16/01/2012 4:51 pm

It seems to me this is to do with the crackdown on what secured tenancy will mean, and this council does not want to find themselves in a position where they cannot move you out of a 5 bed property when the kids move away in future, so you may be better off looking at an assured tenancy through a HA to get a larger home for the next few years.

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16/01/2012 5:13 pm

Thanks for more replies.

Will consider the Housing Minister if needed.

Crackdown on secured means nothing, We already have a secured tenancy, If we move to New Property, we have to be perfect tenants for another 12 months to get a secured tenancy, Also if we did get it and many years later the older Children move out we would be classed as under occupying, and therefor the Council would give us priority to move to a smaller property.

Had aemail today confirming their stance, It is to do with the over crowding in the sections above, So as far as I see, and a Housing Solicitor, We should not be refused to bid, also should be allocated the property, unless anyone with more points is given it before us.

That all said they can just give it to a family at their descretion, who they believe has more of an urgent need than us, we shall see on that basis if it happens.

When it does become available, we will be bidding, I shall keep you all updated as to any outcomes.

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17/01/2012 2:52 pm

Highlights the issues of families having more children than they can support. How can we stop this?

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17/01/2012 4:01 pm

Demononny - how exactly - nowhere is there an indication that this family does not support itself. Or do you consider any person who is a tenant as unable to support their family?

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17/01/2012 4:59 pm

Just for your information, As a family man, the Children in this household, only 4 are our own Birth Children, The other 3 are with us Via Social Services, We do support our sleves btw

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27/04/2012 12:18 pm

Back again, Now the City Council, (Been Birmingham City Council) Change the rules twice so far on us, they of course used the Housing act of 1985, then changed it to Planing Policy and HCA guide lines.

Now they state this

Our Housing Allocation Scheme 2009 states in Part 4 "Allocation Criteria" Under section 4.1-

'The size of accommodation an applicant may be allocated is usually
determined by the number of people in the applicant’s household and the age,
gender and relationship of those people to each other'

Futher more in section 4.2.4 (Applicants who need four bedrooms or more)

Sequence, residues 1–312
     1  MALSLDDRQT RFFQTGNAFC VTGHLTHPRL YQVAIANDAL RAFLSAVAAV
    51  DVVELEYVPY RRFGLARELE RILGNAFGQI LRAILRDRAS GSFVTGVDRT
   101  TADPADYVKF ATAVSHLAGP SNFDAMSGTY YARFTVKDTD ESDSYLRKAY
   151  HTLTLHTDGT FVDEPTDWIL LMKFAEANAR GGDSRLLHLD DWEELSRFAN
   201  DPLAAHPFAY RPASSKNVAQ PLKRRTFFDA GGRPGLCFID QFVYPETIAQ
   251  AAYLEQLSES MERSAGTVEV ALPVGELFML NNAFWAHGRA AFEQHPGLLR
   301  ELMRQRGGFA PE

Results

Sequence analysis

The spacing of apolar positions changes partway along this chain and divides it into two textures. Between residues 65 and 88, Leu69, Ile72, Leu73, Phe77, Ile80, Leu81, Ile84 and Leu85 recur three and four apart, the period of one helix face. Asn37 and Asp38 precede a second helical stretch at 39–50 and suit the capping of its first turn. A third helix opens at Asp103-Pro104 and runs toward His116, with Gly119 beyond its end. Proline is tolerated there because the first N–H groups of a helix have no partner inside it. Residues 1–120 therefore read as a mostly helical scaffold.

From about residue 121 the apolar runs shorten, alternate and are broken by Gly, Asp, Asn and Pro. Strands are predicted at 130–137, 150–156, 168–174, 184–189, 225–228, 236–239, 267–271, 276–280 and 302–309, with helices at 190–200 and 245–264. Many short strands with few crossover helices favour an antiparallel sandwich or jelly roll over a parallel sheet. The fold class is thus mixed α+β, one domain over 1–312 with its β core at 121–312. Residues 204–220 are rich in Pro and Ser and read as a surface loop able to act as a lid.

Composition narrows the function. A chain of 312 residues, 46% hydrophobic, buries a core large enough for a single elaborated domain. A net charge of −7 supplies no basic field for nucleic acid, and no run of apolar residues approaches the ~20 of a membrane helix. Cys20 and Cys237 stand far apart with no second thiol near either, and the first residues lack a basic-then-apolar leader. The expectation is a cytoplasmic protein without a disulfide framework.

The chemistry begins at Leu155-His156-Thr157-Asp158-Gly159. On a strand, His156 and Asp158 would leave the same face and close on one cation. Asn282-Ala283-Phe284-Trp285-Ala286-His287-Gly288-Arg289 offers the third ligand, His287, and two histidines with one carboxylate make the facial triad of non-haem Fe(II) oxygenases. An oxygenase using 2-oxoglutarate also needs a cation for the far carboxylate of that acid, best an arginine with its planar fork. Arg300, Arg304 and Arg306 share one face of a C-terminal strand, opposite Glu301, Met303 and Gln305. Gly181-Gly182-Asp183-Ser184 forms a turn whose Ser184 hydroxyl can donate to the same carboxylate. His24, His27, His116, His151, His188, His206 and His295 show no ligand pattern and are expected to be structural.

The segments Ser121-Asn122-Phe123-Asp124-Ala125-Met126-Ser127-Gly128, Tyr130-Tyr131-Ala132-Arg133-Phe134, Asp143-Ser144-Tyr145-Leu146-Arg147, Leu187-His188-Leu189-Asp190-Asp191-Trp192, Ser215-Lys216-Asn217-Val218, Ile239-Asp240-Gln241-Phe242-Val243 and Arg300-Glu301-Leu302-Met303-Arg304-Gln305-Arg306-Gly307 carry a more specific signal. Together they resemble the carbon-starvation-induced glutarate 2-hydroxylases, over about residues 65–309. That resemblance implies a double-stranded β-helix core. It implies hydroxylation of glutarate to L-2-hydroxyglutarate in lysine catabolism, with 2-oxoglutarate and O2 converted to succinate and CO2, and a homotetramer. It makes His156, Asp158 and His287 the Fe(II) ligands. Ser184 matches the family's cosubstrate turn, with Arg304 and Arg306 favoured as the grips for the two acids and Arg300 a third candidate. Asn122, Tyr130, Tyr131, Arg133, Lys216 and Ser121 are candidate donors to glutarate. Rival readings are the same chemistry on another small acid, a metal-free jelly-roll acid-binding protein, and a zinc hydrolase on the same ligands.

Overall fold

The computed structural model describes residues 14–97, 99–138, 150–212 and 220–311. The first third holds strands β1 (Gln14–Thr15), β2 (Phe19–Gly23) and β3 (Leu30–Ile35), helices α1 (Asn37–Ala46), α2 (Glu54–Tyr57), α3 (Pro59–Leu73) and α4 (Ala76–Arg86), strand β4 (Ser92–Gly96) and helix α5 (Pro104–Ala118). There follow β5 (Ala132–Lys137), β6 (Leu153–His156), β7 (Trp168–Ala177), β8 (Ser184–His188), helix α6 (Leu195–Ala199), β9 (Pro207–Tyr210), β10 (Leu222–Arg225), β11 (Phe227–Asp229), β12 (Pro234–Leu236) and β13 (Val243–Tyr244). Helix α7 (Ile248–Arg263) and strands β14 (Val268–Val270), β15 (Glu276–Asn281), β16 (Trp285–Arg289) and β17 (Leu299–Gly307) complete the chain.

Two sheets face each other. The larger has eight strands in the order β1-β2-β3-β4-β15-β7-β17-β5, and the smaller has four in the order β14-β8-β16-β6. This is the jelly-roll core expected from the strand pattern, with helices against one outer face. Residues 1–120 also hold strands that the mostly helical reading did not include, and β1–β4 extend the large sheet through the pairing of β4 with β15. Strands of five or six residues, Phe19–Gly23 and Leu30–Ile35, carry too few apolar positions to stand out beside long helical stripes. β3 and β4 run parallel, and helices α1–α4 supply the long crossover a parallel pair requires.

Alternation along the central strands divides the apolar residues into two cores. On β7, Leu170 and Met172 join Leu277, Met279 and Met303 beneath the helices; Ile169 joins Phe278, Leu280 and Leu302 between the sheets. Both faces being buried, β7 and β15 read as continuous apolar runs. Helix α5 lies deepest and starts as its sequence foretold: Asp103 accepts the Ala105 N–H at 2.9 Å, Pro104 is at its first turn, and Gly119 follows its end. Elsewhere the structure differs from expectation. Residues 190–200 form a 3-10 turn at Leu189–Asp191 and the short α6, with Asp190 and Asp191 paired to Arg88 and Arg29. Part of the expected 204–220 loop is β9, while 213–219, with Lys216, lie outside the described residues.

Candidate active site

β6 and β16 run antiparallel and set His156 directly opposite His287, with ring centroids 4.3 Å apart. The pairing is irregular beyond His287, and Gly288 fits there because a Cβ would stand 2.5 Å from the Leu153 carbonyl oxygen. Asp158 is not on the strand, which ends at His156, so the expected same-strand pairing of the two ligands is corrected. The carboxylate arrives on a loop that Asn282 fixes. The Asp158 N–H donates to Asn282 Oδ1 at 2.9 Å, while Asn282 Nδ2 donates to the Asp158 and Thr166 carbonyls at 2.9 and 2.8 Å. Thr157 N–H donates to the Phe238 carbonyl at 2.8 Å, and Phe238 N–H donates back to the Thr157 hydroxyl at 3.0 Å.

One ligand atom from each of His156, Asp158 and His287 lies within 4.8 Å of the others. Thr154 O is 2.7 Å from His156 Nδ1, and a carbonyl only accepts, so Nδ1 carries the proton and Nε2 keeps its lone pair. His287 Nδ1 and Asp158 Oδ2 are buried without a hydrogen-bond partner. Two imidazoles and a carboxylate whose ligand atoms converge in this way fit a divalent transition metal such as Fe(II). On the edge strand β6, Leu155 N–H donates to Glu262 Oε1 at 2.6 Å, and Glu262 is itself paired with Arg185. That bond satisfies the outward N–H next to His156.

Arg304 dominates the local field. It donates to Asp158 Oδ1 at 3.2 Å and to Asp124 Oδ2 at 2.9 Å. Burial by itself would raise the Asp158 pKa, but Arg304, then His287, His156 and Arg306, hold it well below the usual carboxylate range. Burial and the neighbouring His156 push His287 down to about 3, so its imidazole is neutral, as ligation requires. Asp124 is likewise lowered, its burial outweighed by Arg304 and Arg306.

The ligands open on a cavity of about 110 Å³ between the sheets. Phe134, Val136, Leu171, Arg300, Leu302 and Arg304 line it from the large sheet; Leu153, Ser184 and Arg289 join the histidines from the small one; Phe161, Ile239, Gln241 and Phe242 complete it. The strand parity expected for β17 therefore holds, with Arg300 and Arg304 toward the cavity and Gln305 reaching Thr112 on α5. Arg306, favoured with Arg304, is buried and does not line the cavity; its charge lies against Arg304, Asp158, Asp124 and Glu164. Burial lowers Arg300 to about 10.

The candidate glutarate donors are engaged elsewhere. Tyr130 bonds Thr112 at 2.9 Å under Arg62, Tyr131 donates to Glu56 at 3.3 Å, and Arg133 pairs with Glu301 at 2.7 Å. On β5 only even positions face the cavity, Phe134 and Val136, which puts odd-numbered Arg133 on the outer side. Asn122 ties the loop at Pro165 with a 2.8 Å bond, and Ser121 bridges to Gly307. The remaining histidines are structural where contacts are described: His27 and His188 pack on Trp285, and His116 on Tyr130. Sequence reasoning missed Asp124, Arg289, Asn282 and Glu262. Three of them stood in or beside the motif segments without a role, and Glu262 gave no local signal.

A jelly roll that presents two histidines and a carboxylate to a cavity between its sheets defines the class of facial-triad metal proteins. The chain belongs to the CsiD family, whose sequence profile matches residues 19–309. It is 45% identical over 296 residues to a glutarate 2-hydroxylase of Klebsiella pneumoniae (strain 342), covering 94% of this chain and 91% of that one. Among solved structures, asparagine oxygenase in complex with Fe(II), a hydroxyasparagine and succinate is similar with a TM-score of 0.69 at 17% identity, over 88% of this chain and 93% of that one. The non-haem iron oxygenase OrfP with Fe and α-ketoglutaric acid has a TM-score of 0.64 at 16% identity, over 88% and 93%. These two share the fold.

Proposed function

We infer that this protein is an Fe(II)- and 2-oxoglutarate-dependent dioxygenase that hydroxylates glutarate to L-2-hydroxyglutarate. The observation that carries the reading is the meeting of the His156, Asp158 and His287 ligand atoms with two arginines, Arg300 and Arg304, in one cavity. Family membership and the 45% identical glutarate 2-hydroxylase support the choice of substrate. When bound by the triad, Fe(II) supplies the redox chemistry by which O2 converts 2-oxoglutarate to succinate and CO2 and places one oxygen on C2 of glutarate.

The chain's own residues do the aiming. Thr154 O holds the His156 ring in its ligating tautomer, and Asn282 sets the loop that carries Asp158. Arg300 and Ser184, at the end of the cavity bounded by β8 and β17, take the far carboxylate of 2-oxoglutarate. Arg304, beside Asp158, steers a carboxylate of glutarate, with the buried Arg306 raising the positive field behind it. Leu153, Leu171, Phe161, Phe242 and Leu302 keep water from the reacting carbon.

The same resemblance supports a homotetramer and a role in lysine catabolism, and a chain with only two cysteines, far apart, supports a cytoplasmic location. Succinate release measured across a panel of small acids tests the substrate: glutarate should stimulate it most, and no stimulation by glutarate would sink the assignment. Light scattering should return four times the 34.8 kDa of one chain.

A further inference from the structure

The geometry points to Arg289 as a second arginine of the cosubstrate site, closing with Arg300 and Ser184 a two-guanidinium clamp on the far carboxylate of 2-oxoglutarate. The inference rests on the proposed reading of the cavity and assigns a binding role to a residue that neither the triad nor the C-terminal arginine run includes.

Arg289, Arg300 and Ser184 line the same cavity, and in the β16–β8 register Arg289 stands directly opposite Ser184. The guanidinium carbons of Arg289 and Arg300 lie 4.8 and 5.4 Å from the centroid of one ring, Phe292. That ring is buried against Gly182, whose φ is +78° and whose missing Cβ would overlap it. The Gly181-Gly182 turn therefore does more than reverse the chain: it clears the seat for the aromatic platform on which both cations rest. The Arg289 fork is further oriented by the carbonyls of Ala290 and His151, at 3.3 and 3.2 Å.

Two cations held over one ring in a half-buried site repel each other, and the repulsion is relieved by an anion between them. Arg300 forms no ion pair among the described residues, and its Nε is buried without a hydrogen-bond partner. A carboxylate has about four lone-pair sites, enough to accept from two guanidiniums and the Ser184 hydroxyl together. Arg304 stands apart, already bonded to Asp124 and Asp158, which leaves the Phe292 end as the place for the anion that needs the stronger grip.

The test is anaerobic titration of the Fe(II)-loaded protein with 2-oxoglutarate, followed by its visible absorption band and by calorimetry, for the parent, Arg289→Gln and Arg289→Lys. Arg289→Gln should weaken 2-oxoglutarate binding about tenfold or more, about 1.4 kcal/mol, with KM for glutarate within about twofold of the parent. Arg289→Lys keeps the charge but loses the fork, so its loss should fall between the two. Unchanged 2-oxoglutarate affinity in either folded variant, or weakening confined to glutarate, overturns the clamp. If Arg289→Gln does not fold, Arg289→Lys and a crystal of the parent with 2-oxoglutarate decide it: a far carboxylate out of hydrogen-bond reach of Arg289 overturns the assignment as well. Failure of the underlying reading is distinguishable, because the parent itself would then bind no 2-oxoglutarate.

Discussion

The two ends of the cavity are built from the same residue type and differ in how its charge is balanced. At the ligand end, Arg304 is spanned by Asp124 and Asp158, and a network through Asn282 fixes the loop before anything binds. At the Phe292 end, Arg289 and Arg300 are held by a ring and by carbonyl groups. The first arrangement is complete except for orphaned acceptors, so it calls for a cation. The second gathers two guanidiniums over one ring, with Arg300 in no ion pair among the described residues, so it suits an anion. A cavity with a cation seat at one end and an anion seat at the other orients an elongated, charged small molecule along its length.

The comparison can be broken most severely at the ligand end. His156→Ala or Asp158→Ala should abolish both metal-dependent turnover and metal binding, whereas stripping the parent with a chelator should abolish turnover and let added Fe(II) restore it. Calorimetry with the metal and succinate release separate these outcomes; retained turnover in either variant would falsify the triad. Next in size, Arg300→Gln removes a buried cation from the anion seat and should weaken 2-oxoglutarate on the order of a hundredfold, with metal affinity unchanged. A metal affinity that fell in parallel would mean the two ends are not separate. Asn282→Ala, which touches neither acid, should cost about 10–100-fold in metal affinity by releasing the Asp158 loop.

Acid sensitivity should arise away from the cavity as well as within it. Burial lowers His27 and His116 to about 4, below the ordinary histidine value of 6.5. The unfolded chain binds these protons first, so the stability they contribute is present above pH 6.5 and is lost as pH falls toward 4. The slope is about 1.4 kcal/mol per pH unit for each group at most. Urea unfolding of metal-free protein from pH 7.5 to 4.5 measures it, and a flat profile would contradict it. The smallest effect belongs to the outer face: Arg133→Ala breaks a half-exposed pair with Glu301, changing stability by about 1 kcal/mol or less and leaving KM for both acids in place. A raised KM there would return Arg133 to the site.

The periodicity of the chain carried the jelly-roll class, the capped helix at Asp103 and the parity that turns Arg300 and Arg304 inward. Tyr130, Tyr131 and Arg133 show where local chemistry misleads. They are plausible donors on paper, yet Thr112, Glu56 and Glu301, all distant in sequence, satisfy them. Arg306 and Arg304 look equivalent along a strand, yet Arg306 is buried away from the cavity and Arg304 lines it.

'When calculating the size of a property that an applicant may be allocated or
bid for (as outlined in section 4.1 above), the assessment of the number of
bedrooms required by the household does not constitute an entitlement to a
property with that particular number of bedrooms'

Now let me put all of them sections together.

This is 4.1

4.1 The size of properties
The size of accommodation an applicant may be allocated is usually
determined by the number of people in the applicant’s household and the age,
gender and relationship of those people to each other. Only in the situations
described in sections 4.2 and 4.3 and 4.2 will BCC allocate an applicant more
bedrooms than are needed according to the Bedroom Standard.
BCC uses the Bedroom Standard to determine the number of bedrooms an
applicant can be allocated under the scheme, or express an interest in, under
any Choice Based Lettings scheme.
Under the Bedroom Standard each household should have enough rooms to
Provide a bedroom for:
• each couple in the household
• each pair of same gender children under the age of 18
• each pair of opposite gender children under the age of 10
• a person not meeting any of the three categories of people above

This is 4.2.4

4.2.4 Applicants who need four bedrooms or more
When calculating the size of a property that an applicant may be allocated or
bid for (as outlined in section 4.1 above), the assessment of the number of
bedrooms required by the household does not constitute an entitlement to a
property with that particular number of bedrooms.
The supply of large accommodation available for allocation to people on the
Housing Register is very limited, with very few properties with more than three
bedrooms becoming available each year.
This means that if the rules in the Bedroom Standard set out in section 4.1
above were applied without any flexibility for larger families there would be
little, if any, prospect of re-housing them from the Housing Register, even
where there are urgent housing needs.

FLEXIBILITY been the key word.

Now I read that as under normal rules we should be able to be given or bid for this property, as they could relax the rules.

Further more I found this in the Allocation Policy

5.4.5 Exceptional Circumtances

5.4.5 Exceptional circumstances
In exceptional circumstances, applicants on the Housing Register and who